(BPT) - Your 40th birthday was a while ago and since then, print looks like it's been getting smaller. Moving printed matter farther from your eyes to bring it into focus worked for a while, but now you're stretching your arm as far as it will reach. Since that arm's not going to get any longer, it may be time to get some reading glasses.
A visit to an eye doctor can confirm if you're experiencing presbyopia, a natural side-effect of growing older. As you age, the lens inside our eye loses flexibility and becomes less effective at helping you focus. Most people will develop presbyopia in their early to mid-40s; in fact, the number of people who wear corrective lenses spikes in the 40s, and 93 percent of people ages 65-75 wear corrective lenses, according to the Vision Impact Institute.
Of course knowing you're far from alone in your need for reading glasses might not make you feel any better about wearing them. You may be tempted to sneak into the local pharmacy, grab the first pair of readers you see and hope you can pay for them and get out of there before anyone you know sees you. But don't be hasty in your choice of reading glasses. A recent study by Foster Grant indicates the readers you wear can have a significant impact on your productivity and quality of life.
Here are some important facts to help you choose reading glasses that are right for you:
* Reading glasses generally offer magnification between +1.00 and +2.75, in increasing increments of .25.
* You can buy readers without a prescription from a pharmacy, department store, vision center, discount store or online.
* Try to purchase the lowest level of magnification that works for you; a magnification that is too strong may cause headaches and eye strain.
* Long gone are the days when all reading glasses looked like something your granny would wear. Today, brands like Foster Grant have reading glass designs in a variety of shapes, colors, sizes and styles to flatter any facial structure and appeal to virtually every preference.
* While readers help you focus on printed matter, they can actually make it difficult to see other things, such as a computer screen or the face of someone you're talking to. In order to refocus your eyes from printed material to something else, you have to remove single-focus readers or peer over the lenses.
A study by FGX International, the owner of the Foster Grant brand, found nearly half of people 40 and older who wear single-focus reading glasses take them off 10 or more times a day. Having to remove readers is irritating, embarrassing and hinders productivity, the majority of wearers said in the survey. The arrival of reading glasses with multiple strengths is changing the way people use readers.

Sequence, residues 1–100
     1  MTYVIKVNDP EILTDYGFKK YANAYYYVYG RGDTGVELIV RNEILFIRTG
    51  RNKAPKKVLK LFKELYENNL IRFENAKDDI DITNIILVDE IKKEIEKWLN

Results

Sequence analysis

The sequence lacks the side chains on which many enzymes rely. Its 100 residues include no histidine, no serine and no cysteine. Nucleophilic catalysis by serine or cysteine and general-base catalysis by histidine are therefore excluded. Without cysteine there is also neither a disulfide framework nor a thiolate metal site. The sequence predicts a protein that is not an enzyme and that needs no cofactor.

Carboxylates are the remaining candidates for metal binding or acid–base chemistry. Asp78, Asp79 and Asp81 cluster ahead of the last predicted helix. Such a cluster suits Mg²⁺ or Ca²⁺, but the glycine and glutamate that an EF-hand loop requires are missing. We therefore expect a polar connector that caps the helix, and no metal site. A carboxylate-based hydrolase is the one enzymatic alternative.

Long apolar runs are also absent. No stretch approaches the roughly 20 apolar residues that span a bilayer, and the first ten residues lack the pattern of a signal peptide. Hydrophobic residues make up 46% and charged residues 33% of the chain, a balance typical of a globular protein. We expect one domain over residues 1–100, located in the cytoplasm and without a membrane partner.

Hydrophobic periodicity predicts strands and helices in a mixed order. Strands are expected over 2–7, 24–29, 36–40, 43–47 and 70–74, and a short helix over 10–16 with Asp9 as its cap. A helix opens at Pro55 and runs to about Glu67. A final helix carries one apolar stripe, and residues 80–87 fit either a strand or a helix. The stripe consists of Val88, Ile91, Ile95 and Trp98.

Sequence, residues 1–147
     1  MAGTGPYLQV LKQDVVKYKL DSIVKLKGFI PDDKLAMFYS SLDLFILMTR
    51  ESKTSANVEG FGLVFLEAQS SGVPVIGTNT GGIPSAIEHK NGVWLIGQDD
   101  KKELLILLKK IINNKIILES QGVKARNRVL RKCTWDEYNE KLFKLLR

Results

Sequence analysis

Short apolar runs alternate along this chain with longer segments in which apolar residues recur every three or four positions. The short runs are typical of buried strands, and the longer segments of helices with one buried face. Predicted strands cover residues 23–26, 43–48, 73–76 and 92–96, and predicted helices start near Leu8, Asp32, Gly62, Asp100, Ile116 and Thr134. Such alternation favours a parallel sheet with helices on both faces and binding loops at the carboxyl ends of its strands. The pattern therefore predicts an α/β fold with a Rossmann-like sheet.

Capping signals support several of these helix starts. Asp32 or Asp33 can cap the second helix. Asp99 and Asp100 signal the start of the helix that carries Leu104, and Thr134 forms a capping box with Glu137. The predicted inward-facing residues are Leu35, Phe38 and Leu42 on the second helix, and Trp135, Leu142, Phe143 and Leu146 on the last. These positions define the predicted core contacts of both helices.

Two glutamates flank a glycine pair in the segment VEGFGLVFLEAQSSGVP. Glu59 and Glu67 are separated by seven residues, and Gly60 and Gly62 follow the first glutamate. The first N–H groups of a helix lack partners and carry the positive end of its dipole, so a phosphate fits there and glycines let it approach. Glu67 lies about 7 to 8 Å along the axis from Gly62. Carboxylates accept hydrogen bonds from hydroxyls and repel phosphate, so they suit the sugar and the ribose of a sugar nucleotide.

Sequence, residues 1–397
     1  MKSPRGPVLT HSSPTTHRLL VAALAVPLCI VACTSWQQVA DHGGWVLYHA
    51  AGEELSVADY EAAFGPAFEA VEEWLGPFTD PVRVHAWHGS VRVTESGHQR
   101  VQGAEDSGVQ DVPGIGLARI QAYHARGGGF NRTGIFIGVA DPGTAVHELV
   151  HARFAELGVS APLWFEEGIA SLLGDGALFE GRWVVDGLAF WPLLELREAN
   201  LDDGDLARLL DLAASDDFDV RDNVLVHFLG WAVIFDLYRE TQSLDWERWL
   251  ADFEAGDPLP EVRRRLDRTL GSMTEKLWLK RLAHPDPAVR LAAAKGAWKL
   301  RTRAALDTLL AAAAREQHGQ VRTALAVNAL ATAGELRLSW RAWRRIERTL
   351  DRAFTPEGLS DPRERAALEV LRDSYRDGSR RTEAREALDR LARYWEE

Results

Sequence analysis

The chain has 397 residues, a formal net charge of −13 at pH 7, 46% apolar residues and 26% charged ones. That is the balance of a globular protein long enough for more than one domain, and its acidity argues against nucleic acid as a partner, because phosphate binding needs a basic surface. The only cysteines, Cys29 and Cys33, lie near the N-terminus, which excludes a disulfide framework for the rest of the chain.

Foster Grant Multi-Focus reading glasses offer three different magnification zones in the lenses of a single pair of glasses. Users can keep the glasses on and still be able to focus comfortably on things farther away. It's not necessary to remove the glasses in order to refocus from printed matter to something else, sparing users the time and aggravation of removing glasses and putting them back on. Since you remove the glasses less frequently, there's less chance of misplacing them - so you no longer need to buy multiple pairs to leave around the house or keep replacing pairs you took off and lost.
For most people, reading glasses are an inevitable part of growing older. But they don't have to be an irritation, or something you're embarrassed to wear. A little shopping around can help you find readers in a style, magnification and focus options that work best for your lifestyle. Visit www.fostergrant.com to find readers that are right for you.
This information is not intended to diagnose health problems and does not replace the advice, diagnosis or treatment of an eye doctor or medical professional. Contact your eye doctor or a medical professional directly if you have any questions concerning your eye health or the information above.
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